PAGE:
Former Star chairman admits hiring unqualified executives

Executive chairman John O’Neill resigned last week.
Executive chairman John O’Neill resigned last week.

John O’Neil has told New South Wales’ inquiry into the Star Entertainment Group that he was wrong to hire three executives who were not qualified for their jobs.

Australia.- Star Entertainment Group’s former executive chairman John O’Neil has finally given his testimony to the New South Wales inquiry into the company’s fitness to keep its Sydney casino licence. During a hearing originally scheduled for last week, O’Neil admitted that compliance manager Graeme Stevens, chief legal and risk officer Paula Martin and investigations officer Kevin Houlihan were not qualified for their jobs.

O’Neil admitted that he was wrong to promote the three and said the company should have given more thought to training and upskilling them for the roles. Martin has resigned from the company after admitting she could have done more regarding money laundering at the Sydney casino. She agreed that the company misled National Australia Bank about the use of China UnionPay cards at Star Entertainment venues.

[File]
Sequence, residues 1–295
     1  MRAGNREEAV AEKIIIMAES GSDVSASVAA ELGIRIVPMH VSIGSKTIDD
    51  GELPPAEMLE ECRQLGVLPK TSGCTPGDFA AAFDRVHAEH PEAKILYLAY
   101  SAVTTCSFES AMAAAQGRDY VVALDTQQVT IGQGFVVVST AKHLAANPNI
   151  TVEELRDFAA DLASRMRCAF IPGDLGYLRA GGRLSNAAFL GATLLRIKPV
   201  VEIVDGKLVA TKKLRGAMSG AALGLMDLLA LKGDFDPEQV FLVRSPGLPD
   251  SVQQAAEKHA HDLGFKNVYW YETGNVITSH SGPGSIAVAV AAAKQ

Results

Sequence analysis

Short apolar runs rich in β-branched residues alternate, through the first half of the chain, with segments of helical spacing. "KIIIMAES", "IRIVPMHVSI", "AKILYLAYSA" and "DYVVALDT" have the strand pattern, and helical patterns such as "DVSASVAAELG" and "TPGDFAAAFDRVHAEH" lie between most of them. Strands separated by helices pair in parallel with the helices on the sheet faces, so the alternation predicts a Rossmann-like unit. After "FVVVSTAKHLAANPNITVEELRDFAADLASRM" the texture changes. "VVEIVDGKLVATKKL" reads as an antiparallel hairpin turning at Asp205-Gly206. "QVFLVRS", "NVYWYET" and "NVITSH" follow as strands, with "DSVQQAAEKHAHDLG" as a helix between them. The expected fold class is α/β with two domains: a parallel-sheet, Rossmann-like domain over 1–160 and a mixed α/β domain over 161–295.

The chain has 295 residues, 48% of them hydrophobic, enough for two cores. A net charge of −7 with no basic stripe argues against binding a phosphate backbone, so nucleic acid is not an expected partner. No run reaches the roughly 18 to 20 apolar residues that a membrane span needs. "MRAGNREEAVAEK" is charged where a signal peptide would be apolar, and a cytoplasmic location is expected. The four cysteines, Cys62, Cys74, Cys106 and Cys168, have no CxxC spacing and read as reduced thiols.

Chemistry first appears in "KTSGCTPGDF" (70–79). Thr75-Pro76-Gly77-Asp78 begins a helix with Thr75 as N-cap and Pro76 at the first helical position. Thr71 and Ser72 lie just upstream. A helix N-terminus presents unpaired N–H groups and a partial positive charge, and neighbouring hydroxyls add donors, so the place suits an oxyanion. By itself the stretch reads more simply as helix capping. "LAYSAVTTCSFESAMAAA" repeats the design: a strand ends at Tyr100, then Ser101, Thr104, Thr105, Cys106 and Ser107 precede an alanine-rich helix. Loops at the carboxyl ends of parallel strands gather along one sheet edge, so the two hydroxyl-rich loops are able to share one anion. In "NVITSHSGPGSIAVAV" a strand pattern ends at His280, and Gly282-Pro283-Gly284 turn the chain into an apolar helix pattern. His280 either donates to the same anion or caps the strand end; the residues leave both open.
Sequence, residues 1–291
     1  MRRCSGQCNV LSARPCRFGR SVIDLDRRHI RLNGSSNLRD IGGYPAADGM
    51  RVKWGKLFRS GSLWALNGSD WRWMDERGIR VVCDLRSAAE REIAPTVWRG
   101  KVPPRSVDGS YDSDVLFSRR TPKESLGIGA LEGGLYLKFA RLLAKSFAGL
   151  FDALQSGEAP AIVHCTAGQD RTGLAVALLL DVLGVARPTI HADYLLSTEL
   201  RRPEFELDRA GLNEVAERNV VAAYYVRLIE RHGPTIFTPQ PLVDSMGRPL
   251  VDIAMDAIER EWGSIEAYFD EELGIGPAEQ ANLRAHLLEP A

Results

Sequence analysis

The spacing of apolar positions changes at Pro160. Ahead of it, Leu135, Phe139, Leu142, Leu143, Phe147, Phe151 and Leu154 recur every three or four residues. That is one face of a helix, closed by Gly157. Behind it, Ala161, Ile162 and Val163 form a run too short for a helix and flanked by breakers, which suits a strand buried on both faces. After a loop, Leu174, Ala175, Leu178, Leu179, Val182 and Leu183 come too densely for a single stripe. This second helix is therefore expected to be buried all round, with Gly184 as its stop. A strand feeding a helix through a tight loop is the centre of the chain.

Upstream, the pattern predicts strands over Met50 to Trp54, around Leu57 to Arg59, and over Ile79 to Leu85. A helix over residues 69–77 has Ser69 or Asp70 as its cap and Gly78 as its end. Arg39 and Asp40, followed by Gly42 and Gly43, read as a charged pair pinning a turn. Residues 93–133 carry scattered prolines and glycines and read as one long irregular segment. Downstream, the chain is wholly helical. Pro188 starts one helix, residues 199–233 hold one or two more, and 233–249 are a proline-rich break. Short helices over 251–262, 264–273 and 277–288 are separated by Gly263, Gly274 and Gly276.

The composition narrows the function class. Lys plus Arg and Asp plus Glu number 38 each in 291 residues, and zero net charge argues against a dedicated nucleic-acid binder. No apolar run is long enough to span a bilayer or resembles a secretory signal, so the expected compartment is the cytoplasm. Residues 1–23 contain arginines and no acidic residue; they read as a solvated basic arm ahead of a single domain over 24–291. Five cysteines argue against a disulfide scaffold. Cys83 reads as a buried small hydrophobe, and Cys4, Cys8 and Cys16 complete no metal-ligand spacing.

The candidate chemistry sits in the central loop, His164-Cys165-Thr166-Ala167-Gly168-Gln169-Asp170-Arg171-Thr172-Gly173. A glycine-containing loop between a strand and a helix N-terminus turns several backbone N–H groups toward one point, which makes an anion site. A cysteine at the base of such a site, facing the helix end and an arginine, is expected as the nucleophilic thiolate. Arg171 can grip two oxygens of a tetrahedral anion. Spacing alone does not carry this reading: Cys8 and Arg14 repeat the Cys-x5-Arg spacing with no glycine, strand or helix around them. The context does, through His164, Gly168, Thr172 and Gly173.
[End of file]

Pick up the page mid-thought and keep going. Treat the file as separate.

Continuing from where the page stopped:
O’Neil told the inquiry: “She didn’t have sufficient background and experience in the risk and compliance space.”

Counsel assisting the inquiry, Naomi Sharp SC, asked O’Neill why the company had withheld from AUSTRAC a 2018 KPMG independent audit report that spoke of financial crimes. O’Neill admitted that the company behaved in an inappropriate and non-transparent manner. He highlighted recent board changes, including his own resignation, and said it was necessary to achieve “as much cleansing as possible”. 

The company has named Ben Heap as interim chairman and Geoff Hogg as acting chief executive officer. Both will assume their new roles starting June 1, subject to regulatory approvals. The inquiry is scheduled to go on until August 31.

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The Star Entertainment Group